We think you will particularly appreciate the new UI for columns because there is no collapsing or expanding, which many users found frustrating.
We've introduced a button that lets you swap the source and the target when comparing objects or schemas.
We’re constantly improving the quality of our recently introduced database diff viewer window. Some fixes were released in version 2021.3, but some are new in 2022.1, including:
We’ve introduced a handy new intention, Convert To Subquery. You no longer need to use Surround Live Template to convert subqueries. In fact, you don’t even need to bother selecting a query. Simply press Alt+Enter | Convert To Subquery.
Multi-range types were introduced in PostgreSQL 14 – we’ve added support for the built-in ones.
Custom multi-range types will be supported in the future.
ALTER MATERIALIZED VIEW.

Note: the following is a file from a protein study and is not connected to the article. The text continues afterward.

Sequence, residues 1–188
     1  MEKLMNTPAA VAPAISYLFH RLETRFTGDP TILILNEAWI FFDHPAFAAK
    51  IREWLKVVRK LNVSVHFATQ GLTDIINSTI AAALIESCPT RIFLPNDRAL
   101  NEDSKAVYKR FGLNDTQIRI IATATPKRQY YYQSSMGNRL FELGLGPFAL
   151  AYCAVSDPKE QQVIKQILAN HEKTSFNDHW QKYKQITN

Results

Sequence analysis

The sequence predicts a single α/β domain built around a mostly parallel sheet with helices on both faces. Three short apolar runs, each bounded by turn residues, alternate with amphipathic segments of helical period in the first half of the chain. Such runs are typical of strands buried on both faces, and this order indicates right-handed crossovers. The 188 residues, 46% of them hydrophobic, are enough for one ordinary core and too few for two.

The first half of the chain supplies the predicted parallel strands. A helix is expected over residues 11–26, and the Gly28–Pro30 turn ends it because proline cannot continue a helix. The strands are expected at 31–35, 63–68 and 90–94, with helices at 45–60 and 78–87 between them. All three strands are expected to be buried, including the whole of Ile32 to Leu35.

USING INDEX ENABLEsyntax.
CREATE MATERIALIZED VIEW LOGstatements.
WITH TAGoption in the
JSONis now correctly highlighted inside statements.
QUALIFYis now supported.
UNNESTcolumn is now supported.
UNION DISTINCTis now supported.
Previously, when you clicked the Cancel statement button several times, it looked like the query was terminated, but in fact the request continued to be executed in the database.
There was some tricky logic behind this behavior. On the first click, DataGrip sent a cancellation request to the database, while on the second click it canceled the JDBC Driver process to terminate all connections to the data source (we’ll refer to this as data source deactivation). As a result, DataGrip received an error for the second cancellation request because the connection was lost, not because the cancellation was actually completed.